I would say that the Abbey is probably responsible for settling most of the RM of St. Peter, commented the RMs Reeve, Danny Breker. The rights were given to the colony, and the Abbey had these par-cels of land and would distribute it.
Five distinct communities grew out of the colony when the RM was formed: Lake Lenore, Annaheim, Muenster, St. Gregor and Englefeld.
Thats what makes the RM of St. Peter so unique, Breker said. Most RMs only have one community.
The three communities situated along Hwy. 5 all have ties that can be traced to the Colony, either by name or by a landmark. Further north, the communi-ties of Lake Lenore and Annaheim grew because of their agricultural importance in the area.
Here is a snapshot of how each of those communities evolved.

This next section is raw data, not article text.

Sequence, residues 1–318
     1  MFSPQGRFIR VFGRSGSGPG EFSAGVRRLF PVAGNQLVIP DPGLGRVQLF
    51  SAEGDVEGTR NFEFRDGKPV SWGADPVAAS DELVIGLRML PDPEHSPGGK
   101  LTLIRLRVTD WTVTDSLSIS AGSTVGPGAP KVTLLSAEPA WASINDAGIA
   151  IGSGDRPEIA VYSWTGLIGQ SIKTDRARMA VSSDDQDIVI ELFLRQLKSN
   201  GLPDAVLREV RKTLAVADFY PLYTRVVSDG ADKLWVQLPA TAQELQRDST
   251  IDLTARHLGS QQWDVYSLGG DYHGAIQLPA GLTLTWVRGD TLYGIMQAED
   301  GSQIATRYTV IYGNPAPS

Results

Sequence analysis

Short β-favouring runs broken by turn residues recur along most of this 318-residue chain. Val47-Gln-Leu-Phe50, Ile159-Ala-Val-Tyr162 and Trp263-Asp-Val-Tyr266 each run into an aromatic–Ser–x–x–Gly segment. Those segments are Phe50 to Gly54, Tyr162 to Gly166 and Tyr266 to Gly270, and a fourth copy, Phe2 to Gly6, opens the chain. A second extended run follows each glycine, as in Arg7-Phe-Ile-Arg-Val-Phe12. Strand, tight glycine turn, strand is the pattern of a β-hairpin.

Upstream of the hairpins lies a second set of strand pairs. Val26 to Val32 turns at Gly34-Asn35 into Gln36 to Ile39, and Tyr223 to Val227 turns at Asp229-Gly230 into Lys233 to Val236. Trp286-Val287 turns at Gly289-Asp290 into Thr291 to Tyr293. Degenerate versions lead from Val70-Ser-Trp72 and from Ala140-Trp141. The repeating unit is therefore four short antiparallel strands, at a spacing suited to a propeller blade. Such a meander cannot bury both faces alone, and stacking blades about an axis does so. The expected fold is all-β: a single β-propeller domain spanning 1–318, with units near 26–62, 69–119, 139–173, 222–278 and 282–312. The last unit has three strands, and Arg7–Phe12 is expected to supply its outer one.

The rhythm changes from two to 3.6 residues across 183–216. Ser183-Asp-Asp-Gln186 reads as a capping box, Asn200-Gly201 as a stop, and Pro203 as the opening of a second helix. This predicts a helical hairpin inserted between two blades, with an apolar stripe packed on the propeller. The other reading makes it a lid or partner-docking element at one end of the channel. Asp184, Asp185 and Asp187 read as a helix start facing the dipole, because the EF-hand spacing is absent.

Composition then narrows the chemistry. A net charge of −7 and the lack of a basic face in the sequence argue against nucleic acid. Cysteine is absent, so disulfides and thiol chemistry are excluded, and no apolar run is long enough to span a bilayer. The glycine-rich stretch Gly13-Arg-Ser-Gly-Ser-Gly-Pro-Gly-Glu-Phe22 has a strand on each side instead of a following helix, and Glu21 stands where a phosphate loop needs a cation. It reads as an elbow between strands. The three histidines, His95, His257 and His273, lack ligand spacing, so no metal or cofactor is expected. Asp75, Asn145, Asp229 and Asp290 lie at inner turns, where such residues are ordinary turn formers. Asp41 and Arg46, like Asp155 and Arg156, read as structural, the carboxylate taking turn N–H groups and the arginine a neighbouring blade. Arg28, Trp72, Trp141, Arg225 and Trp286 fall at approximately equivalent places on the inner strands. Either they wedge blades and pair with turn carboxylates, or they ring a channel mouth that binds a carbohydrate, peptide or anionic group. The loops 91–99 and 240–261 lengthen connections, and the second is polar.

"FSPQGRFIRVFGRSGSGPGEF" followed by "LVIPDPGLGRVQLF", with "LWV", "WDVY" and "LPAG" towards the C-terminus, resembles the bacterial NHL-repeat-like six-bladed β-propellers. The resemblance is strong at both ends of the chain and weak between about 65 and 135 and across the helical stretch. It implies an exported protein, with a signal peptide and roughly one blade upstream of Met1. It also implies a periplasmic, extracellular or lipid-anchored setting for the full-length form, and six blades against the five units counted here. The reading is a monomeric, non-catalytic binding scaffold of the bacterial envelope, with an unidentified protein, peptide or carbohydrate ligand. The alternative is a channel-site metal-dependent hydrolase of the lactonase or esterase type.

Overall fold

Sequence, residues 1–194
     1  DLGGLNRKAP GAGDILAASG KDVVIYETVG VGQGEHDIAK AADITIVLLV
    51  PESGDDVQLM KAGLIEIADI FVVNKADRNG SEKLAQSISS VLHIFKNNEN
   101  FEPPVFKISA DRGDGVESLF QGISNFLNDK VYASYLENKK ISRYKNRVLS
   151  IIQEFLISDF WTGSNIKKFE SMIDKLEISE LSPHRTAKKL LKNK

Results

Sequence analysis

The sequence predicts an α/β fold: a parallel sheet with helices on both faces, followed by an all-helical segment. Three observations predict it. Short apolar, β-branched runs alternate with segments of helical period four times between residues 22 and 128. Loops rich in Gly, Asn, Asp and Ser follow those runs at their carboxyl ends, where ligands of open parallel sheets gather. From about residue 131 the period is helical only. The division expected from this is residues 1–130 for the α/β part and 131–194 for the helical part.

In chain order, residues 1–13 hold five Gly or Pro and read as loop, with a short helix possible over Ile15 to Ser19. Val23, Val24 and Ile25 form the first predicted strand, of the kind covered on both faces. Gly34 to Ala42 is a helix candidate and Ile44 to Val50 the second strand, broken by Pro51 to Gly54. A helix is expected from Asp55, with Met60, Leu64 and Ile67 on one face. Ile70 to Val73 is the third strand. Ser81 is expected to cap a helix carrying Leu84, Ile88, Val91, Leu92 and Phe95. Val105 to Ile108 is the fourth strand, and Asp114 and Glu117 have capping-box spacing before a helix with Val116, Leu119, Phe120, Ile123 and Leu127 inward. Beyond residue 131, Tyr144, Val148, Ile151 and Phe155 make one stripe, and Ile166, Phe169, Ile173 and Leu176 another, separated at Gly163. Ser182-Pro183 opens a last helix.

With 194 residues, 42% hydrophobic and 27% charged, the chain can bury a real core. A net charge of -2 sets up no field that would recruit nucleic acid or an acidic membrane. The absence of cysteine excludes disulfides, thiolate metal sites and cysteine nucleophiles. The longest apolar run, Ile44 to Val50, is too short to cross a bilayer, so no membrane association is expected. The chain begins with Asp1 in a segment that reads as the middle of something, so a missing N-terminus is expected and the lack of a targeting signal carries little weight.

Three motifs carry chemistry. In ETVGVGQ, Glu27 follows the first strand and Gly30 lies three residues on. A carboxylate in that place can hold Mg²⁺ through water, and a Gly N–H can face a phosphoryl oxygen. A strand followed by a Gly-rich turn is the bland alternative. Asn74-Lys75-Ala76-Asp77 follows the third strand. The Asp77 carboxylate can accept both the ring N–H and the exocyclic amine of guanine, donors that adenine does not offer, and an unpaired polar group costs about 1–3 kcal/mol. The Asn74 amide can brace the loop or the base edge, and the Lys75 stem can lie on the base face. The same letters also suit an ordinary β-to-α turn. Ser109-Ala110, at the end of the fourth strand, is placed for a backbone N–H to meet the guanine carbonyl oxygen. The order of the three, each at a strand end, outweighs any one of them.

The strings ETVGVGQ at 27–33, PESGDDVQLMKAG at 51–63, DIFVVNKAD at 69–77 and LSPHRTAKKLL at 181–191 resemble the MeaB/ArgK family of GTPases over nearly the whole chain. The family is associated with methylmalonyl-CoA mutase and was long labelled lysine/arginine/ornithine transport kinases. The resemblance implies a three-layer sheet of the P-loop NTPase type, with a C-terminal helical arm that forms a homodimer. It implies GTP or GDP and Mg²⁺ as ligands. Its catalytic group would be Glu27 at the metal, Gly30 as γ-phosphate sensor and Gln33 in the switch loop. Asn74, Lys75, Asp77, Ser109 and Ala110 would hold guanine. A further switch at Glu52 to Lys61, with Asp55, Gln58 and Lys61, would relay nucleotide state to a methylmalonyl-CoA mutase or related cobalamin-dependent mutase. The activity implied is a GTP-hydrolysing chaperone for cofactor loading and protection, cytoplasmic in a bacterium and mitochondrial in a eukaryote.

Beginning with Muenster, its name like the English word minster is derived from the Latin word monaste-rium.
With the arrival of the railway, the dis-trict around Muenster began to be settled rapidly. In 1907, work began on a new church St. Peters Cathedral today a heritage property.
The Benedictine monks influence in the community continued over the years. They founded parishes and parish schools throughout the district, estab-lished St. Peters College in 1921, and set up a printing press, publishing Cattholic newspapers (the German-language St. Peters Bote and the English paper, The Prairie Messenger). The monks were also engaged in mixed farming.
Ten kilometers east of Muenster, the village of St. Gregor was established as construction of the Canadian Northern Railway line (CNR) was proceeding through the St. Gregor district in 1904.
The arrival of the railway sparked an immediate increase in the regional popu-lation, and in 1906 the fi rst general store opened at what was developing as the St. Gregor townsite. In 1907 Fr. Doerfl er founded the parish of St. Gregory, named for Pope Gregory I, and the community in
turn was named after the parish.In 1923, St. Gregory Church was built